When you take a geology class that's about Earth, you learn about how fractional crystallization can start with a basaltic melt (one that's rich in those dark minerals and iron and magnesium) and work (or evolve) your way up to increasingly silica-rich rocks, from basalt, to andesite, to rhyolite or granite. Jake is not a granite or even an andesite. We're still talking about a very dark, basaltic rock here. But it's a little up the spectrum from any other basalt we've seen before, to the point that it's called an alkali basalt.
APXS wasn't the first instrument to detect this feldspar-like composition in a rock. Roger Wiens, the principal investigator on ChemCam, divulged today that they had been seeing feldspar-like compositions on rocks they've been shooting their laser at since August. That was an "aha!" moment for me; it explained why we have been hearing so little from the ChemCam team, until now. The observation of so much feldspar is so unexpected that they had to be really thorough, checking that their instrument was functioning properly, corroborating its readings with measurements by APXS, and so on, before they were ready to come forward with it.
Wiens had an interesting extra wrinkle to the story. Go back up to the picture of Jake with all the shot points on it and you'll see they shot fourteen different locations. Each of those shot points actually represents 30 laser shots, each of which was analyzed by the ChemCam spectrometer.
He shared this fun spinny cubic graph based on a principal components analysis of the data. Each of the fourteen shot points was assigned a different color. For each shot point, there are 26 dots for the laser shots (they throw out the first four because those are mostly sampling dust coating the rock). You're not meant to be able to read anything specific about the composition of the rock from this graph. The point is that every one of the fourteen shot points had a composition that was distinct from the other thirteen. Each color forms a tight cluster, and there's very little overlap. That's Jake's second surprise: it was a surprisingly heterogeneous rock on the scale of the ChemCam analyses. ChemCam is probably sampling individual crystals of different minerals.
NASA / JPL / LANL / IRAP / UNM
Principal components analysis of 14 sets of 26 Chemcam shots on Jake Matijevic
Wiens shared a graphic that supports this statement: spectra from four of the shot points. These are really quite beautiful. The first, high in magnesium and (to a lesser extent) iron, is likely a grain of olivine (more commonly known as peridot, the birthstone of August; compositions range from the endmembers Mg2SiO4 to Fe2SiO4). The next one has a ton of titanium, so it could be a something like ilmenite (FeTiO3). The next one has a big spike for silicon, aluminum, sodium, and potassium: an alkali feldspar (compositions ranging from KAlSi3O8 to NaAlSi3O8). The bottom one has calcium and magnesium: likely a pyroxene (where the calcium and magnesium endmember has the composition CaMgSi2O6).
NASA / JPL / LANL / IRAP
ChemCam spectra of four spots on Jake Matijevic rock
The next graphic he showed was super cool. What he's plotting here are elemental abundances of magnesium and calcium as measured in that pyroxene grain. With every shot, the abundance of magnesium and calcium increased, as they drilled down into the pyroxene grain.
NASA / JPL / LANL / IRAP / SSI
Drilling down into a pyroxene grain on Jake Matijevic rock with ChemCam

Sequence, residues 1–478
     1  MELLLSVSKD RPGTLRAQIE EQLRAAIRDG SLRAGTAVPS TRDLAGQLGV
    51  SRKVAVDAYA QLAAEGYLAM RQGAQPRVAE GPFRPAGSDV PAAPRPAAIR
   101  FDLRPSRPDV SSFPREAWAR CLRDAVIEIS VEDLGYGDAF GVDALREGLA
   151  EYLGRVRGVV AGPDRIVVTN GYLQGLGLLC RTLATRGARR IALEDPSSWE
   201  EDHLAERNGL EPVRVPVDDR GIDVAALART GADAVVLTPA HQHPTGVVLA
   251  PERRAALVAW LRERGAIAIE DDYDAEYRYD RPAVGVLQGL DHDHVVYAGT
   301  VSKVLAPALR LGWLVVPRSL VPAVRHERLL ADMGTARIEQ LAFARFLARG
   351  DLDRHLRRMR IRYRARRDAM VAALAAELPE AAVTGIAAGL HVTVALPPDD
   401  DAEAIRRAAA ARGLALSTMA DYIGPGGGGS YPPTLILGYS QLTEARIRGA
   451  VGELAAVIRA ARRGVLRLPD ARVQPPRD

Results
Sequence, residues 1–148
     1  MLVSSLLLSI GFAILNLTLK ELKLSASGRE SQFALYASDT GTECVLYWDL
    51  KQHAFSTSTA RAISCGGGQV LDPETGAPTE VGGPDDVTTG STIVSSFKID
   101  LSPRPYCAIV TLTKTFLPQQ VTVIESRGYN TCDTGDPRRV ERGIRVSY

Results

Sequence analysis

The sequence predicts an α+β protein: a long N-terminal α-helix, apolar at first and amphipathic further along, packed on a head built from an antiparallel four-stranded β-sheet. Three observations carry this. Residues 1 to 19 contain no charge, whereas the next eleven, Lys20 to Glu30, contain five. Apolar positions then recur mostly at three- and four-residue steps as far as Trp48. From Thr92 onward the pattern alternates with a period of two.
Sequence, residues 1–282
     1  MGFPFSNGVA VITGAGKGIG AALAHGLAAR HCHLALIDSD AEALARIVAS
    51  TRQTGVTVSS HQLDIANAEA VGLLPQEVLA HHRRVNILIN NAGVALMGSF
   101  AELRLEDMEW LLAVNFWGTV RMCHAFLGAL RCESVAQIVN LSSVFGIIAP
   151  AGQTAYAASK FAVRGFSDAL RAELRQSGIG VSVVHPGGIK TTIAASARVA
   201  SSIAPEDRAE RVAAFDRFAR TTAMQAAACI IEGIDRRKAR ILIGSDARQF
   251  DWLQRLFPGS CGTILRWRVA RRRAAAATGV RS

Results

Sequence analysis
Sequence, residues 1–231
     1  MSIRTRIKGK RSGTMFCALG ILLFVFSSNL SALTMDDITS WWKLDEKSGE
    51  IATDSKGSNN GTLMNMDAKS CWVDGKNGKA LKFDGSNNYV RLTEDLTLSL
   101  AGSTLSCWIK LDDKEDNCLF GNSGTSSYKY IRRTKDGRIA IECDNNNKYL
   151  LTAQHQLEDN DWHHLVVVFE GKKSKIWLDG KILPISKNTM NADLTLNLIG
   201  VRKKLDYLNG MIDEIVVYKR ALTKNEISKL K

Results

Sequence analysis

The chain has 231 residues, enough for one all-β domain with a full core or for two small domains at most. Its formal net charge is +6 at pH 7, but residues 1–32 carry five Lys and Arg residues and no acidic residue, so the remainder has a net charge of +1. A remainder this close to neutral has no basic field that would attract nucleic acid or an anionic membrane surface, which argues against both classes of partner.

All this compositional stuff is nifty, but we're not yet telling a story. The problem is, it's hard to tell a full story when all you've got is one rock. To learn more about what the composition of this rock means for the story of its origin, you really have to see how it fits in to the larger context of rocks in the area. It's just one rock, and it's not even in place; there's little context to help us understand how it formed, what the geologic environment was like. Stolper mentioned that the rock is a relatively uncommon type on Earth, generally found in ocean island volcanic settings (think Hawaii) or associated with eclogites (which are pretty unusual themselves). But just because that's where it found on Earth, doesn't mean that there was the same kind of environment on Mars. (And how exactly Earth generates melts with this composition is still a subject of debate.)
The journalists on today's teleconference pushed Stolper hard for statements about what this rock says about Mars' history, about the environment that prevailed when Jake formed. His answers likely dissatisfied them; they were equivocal and noncommittal. But that was appropriate. The news today is that in investigating a common rock type (basalt) to cross-calibrate two instruments, they found an uncommon composition, something unique, something that requires a dynamic, evolving geologic environment of an as-yet-unknown nature, something that opens up a new space of possibilities for types of igneous geology that can be imagined for Mars' past.
I turned to friendly petrologist and Curiosity team member Michelle Minitti to review this article (many thanks, Michelle!), and she explained that "the essence is that we found a new Martian basalt composition, one that can be compared and contrasted to the basalts we already know from Mars (the Martian meteorites and those measured by Pathfinder, Spirit and Opportunity) to improve our understanding of how Mars formed and changed through time. The chemistries of the basaltic Martian meteorites are importantly different from the basalts at Spirit, and both seem to be different in a meaningful way from Jake M. Each basalt data point provides a new window into what Mars is fundamentally made of, how it differentiated and evolved through time."
Mars' past is still mostly mysterious, and this is just one little clue. But it's a brand-new kind of clue we've never seen before, and that is something to be excited about!